By Hema Padhu
As I saw my mother walk out of the international terminal at the San Francisco Airport barely able to push the cart stuffed with two enormous suitcases, I hardly recognized her.
The mother of my childhood was a stout, severe-looking authoritarian. “Don’t just sit there wasting your time—do something!” was her favorite mantra. She played the role of a mother, wife, daughter, daughter-in-law, and career woman with a sort of zeal that was impressive, intimidating, and almost always exhausting to watch.
Now my eyes rested on a short, drooping woman in her late sixties. Her shoulders curved in weighed down by some invisible burden. Her once long, dark hair, turned salt and pepper, was gathered in a small bun at her nape. White sneakers stuck out conspicuously, at odds with her festive silk saree and the bright red bindi on her forehead. She blinked nervously, scanning the crowd for my familiar face. When exactly did my mother, the invincible superhero of my childhood, shrink into this fragile, vulnerable person? The transformation felt both rapid and stealthy (hadn’t I seen her just a few years ago?). I was not only unprepared for it, I was suddenly aware of the role reversal and unsure of how to navigate this new shift in power.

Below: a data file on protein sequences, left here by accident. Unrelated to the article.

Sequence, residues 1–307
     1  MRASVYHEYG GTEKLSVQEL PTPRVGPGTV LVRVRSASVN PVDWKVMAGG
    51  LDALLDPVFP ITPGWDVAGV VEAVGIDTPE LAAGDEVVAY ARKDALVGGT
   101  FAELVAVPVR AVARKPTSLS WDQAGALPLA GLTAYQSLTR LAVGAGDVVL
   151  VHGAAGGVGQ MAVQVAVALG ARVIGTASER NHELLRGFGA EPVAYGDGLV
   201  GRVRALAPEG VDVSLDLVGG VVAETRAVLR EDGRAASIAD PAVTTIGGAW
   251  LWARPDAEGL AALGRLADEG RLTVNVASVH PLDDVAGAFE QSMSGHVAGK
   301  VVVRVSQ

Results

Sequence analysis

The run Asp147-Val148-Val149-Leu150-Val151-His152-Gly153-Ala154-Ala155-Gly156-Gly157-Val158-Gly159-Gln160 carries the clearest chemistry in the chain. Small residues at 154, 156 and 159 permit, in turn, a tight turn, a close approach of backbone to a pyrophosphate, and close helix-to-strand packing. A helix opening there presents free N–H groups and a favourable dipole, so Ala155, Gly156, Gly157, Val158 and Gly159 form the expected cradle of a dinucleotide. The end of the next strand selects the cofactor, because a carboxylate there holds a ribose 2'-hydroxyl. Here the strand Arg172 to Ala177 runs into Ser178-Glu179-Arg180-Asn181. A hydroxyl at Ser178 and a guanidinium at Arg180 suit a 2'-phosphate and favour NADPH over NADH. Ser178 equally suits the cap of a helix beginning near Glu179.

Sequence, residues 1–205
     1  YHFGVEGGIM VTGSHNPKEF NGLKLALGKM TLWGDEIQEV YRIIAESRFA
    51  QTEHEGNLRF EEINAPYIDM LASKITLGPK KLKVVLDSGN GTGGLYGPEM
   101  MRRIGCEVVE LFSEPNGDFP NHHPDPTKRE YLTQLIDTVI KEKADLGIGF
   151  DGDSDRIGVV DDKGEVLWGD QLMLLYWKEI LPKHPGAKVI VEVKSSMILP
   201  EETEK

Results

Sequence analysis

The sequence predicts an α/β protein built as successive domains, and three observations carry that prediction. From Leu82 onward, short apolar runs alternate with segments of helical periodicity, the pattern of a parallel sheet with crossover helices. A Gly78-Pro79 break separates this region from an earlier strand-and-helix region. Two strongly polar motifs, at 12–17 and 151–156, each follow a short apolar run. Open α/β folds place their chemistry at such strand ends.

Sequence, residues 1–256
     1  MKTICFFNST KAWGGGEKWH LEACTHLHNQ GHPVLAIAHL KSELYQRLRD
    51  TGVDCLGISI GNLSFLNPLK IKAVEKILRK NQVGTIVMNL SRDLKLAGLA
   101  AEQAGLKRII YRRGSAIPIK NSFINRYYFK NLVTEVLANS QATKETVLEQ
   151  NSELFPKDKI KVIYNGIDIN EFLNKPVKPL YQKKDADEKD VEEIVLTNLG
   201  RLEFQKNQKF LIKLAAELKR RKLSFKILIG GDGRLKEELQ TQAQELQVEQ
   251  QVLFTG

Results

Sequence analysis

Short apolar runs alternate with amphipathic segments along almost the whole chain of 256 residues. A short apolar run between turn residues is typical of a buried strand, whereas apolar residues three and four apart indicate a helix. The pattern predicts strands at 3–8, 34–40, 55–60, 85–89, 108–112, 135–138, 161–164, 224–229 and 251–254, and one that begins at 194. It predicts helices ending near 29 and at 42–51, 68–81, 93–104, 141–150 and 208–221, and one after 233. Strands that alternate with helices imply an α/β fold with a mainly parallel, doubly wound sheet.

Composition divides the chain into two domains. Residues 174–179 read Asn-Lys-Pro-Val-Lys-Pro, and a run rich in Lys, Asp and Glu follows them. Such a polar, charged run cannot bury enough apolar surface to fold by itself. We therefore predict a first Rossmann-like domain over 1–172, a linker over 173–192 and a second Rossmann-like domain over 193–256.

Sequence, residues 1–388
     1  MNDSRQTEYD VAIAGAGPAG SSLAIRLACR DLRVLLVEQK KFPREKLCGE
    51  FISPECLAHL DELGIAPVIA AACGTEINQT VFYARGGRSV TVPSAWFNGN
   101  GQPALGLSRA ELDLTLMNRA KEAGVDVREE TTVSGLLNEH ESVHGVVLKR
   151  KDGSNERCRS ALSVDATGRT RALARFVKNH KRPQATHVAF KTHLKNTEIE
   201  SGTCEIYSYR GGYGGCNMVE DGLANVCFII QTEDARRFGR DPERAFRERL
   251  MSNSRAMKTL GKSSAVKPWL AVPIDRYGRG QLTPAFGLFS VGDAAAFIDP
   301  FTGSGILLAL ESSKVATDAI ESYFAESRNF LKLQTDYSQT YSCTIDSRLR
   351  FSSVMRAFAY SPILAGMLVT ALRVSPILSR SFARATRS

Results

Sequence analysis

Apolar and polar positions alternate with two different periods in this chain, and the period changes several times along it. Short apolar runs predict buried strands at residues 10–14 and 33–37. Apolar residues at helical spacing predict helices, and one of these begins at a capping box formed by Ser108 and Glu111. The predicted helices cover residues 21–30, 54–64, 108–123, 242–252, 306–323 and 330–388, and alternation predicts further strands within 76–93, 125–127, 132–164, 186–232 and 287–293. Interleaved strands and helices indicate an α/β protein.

I hurried towards her, trying to mask my surprise, and gave her a hug, breathing in the familiar smell of Ponds cold cream and coconut oil. I felt her papery lips kiss me on both cheeks and sensed in her touch both excitement and trepidation as if she couldn’t believe she had crossed the ocean to visit her daughter in America. The country I had chosen over my birthplace. The country I now called home and to which she had lost me almost fifteen years ago.
When I left Madras for Chicago, I was twenty-five and too old to be living at home with my parents, but this was the early nineties and Brahmin girls like me left home either married (usually arranged) or dead. Neither option was particularly appealing to me. Luckily, I wriggled through a loophole that middle-class India, especially Tamil Brahmins, couldn’t resist: education. I headed to Northwestern University to get my master’s degree.